Results

The nadir CA-125 level was an independent predictor of OS and PFS (p < 0.01 for both) in the MDACC patients. Lower nadir CA-125 levels (≤10 U/mL) were associated with longer OS and PFS (median: 61.2 and 16.8 months with 95% CI: 52.0–72.4 and 14.0–19.6 months, respectively) than their counterparts with shorter OS and PFS (median: 49.2 and 10.5 months with 95% CI: 41.7–56.7 and 6.9–14.1 months, respectively). The nadir CA-125 levels in JICR patients were similarly independent when predicting the OS and PFS (p < 0.01 for both). Nadir CA-125 levels less than or equal to 10 U/mL were associated with longer OS and PFS (median: 59.9 and 15.5 months with 95% CI: 49.7–70.1 and 10.6–20.4 months, respectively), as compared with those more than 10 U/mL (median: 42.0 and 9.0 months with 95% CI: 34.4–49.7 and 6.6–11.2 months, respectively). Baseline serum CA-125 levels, but not the CA-125 expression in tissues, were associated with the OS and PFS of HG-SOC patients in the MDACC and JICR groups. However, these values were not independent. Nadir CA-125 levels were not associated with the tumor burden based on second-look surgery (p = 0.09). Patients who achieved a pathologic complete response had longer OS and PFS (median: 73.7 and 20.7 months with 95% CI: 63.7–83.7 and 9.5–31.9 months, respectively) than those with residual tumors (median: 34.6 and 10.6 months with 95% CI: 6.9–62.3 and 4.9–16.3 months, respectively).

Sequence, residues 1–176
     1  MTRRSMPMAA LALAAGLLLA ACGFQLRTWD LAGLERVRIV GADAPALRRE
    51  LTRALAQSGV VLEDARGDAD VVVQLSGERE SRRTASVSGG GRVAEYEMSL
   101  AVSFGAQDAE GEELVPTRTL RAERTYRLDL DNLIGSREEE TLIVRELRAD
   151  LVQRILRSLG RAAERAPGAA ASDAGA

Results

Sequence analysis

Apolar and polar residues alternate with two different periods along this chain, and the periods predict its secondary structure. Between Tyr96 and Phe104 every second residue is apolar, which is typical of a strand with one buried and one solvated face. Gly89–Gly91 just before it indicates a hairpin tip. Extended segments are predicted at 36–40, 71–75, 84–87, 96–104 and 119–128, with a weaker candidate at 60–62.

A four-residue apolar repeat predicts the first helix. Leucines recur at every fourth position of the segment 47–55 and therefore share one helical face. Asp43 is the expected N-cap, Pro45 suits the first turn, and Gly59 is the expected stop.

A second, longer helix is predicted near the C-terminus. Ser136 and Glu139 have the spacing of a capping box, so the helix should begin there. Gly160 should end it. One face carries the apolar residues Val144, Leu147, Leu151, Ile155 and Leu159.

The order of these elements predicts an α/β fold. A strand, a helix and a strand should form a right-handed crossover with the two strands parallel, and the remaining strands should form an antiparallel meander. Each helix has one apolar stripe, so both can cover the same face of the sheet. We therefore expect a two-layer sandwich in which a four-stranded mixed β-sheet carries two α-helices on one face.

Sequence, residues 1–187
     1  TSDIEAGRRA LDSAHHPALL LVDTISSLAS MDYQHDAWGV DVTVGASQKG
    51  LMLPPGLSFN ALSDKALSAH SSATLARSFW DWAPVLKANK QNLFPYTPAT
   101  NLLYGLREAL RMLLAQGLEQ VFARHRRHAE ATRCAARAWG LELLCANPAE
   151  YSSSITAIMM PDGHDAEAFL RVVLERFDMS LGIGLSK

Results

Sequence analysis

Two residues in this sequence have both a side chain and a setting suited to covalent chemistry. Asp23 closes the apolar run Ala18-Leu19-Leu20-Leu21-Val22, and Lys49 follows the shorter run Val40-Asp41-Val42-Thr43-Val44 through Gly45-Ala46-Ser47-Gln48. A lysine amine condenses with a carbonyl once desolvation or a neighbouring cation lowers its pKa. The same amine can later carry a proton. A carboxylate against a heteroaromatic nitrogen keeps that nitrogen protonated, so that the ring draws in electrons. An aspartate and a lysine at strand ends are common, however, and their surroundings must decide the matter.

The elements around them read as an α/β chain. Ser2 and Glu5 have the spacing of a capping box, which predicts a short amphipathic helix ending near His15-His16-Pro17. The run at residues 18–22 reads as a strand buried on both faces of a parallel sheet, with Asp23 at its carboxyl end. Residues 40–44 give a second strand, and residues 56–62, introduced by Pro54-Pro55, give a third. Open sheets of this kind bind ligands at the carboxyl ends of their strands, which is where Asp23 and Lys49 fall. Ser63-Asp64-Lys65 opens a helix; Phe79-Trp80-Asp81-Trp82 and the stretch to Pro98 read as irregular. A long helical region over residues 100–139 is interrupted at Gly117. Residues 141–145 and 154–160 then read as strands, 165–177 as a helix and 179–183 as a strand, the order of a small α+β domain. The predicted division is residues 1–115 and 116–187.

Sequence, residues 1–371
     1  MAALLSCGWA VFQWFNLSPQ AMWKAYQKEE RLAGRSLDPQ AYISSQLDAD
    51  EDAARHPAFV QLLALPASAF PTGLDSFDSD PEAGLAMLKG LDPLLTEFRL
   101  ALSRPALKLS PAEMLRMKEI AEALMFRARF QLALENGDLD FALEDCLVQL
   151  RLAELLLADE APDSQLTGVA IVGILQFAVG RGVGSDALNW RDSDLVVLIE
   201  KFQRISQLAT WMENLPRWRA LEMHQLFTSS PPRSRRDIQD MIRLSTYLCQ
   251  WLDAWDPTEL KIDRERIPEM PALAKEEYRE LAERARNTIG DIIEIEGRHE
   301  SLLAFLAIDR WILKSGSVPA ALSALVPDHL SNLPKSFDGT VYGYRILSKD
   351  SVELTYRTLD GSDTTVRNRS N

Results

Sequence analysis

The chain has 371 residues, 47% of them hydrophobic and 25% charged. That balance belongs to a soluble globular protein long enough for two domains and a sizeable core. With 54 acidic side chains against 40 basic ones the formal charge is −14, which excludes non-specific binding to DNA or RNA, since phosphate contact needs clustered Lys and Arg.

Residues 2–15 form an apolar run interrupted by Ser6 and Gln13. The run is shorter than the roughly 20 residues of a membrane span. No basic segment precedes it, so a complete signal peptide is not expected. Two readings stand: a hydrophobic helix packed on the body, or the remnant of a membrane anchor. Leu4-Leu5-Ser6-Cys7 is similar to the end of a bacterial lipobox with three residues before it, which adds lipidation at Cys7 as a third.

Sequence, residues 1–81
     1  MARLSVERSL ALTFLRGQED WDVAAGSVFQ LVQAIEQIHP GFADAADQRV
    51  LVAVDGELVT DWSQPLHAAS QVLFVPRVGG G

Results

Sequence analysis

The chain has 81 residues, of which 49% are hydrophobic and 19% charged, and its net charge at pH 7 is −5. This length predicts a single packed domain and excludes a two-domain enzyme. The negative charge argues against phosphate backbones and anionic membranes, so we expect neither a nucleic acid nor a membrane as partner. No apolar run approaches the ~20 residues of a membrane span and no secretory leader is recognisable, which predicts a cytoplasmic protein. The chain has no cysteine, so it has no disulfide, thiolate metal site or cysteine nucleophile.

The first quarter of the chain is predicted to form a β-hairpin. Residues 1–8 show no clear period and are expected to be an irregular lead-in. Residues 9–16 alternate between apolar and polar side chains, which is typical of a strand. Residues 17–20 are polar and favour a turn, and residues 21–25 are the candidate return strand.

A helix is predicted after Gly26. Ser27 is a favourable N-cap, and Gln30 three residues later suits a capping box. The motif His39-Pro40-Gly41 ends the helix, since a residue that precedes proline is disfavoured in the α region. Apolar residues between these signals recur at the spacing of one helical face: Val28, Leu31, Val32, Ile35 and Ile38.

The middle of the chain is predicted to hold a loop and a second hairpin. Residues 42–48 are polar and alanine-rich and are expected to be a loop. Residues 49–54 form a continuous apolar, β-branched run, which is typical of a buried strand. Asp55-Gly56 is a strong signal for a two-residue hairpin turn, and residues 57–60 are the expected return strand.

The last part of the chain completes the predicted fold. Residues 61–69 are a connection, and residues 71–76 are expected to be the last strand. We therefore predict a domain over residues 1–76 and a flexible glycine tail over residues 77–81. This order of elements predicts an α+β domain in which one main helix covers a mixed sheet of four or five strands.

Conclusions

The nadir CA-125 level was an independent predictor of OS and PFS in HG-SOC patients. Further prospective studies are required to clinically optimize the chances for a complete clinical response of HG-SOC cases with higher CA-125 levels (>10 U/mL) at the end of primary treatment.

Keywords:
Epithelial ovarian cancer; HG-SOC; CA-125; Prognosis

Introduction

Ovarian cancer is the most frequent lethal gynecological cancer in North America and Western Europe; it ranks fifth among the cancers that cause the highest mortality in Chinese women [1-3]. Approximately 22,240 new cases of ovarian cancer in the United States were diagnosed in 2013; 14,030 deaths were caused by the disease in the same year [1]. Despite great progress in the management of ovarian cancer, the mortality rate of ovarian cancer has insignificantly decreased in the past two decades [4]. These data emphasize the need to identify prognostic indicators and more efficient therapeutic strategies for epithelial ovarian cancer (EOC), at least for the high-risk subgroup.